Room-note: My girlfriend Ellen never says anything about the smell when I smoke Escudo. Which is a good thing! The blend produces rich fumes but Ellen does not seem to mind that plus the next morning you can barely notice I smoked the last evening.
Miscellaneous: In the nicotine department this blend is a tiny bit on the heavy side for me. But when I had a good dinner and smoke Escudo later in the evening, no problem at all. Also the blend ages very, very well. I believe it is the most cellared tobacco in the USA. I guess this also comes because there have been a couple of “Escudo-scares” throughout the years in which rumours were spread that the blend was being discontinued. 4noggins owner Rich certainly was very happy with the last scare halfway 2013, he sold dozens of Escudo tins per day!
Price: At 4noggins you pay $9,99 (± €7,32) for a 50 gr. tin.
Alternatives: If you like Escudo there are some blends that are well suited for a change of pace or for a replacement if you can’t get the real stuff.
– Davidoff Flake Medallions (Referred to by some as “Escudo light”)
– Dunhill De Luxe Navy Rolls
– My Own Blend (Paul Olsen) Big Coin (made in the same factory as Escudo)
– Peter Heinrichs Curly Block (Recommended by many German pipe-smokers as THE replacement to the old Escudo. And it looks damn great! I smoked it and in comparison to current day Escudo this one is heavier in the nicotine department, has less sweet but fuller Virginias and more perique.)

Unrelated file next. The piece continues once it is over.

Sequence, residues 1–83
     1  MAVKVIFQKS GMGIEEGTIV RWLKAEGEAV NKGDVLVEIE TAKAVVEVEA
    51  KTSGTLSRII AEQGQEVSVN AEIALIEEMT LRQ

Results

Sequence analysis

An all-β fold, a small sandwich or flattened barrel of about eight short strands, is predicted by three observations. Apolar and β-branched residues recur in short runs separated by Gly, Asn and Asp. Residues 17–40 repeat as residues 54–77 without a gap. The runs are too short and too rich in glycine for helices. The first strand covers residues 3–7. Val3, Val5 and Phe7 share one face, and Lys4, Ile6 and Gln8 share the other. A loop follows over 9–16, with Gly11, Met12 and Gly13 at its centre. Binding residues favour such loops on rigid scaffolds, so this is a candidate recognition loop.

– Peter Stokkebye Luxury Bullseye Flake (with a core of cavendish)
– Wessex Sovereign Curly Cut
Conclusion: I am not amazed at the fact that after all this time Escudo is one of most cellared and best selling tobaccos ever. It is the benchmark for all VaPer blends. I puffed away quite a few of those in the couple of years I smoke pipe, but every time I crack open a tin of Escudo it feels like coming home. The secret is that it is not an overly complex tobacco. All the ingredients are so well balanced that they provide a fullness of flavours for the archetypical VaPer smoking experience. Regardless of the age of the tin and in what kind of bowl you smoke it. All hail the VaPer king: Escudo!
As with all your articles, very interesting reading.
But you have forgotten one blend in your list of similar blends. And that is My Own Blend (Paul Olsen) Big Coin. Very much the same as Escudo. No wonder, as it is produced at the same factory.
I can really recommend it, great stuff.
Keep up the good work. Seeing forward to your next article.
Hello Torbjörn, thank you for reading and for the tip! Never heard of it I must admit.. I shall include it in the post as an alternative for Escudo.
Excellent article. As usual. Been smoking both the Dunhill coins as well as the Escudo recently. Also Davidoff Flake Medallions. My perception is that they aren’t the same — but that is based ENTIRELY on the fact the tins were all years apart, so different age is the key factor. Had they been the same vintages, there would have been far greater similarities.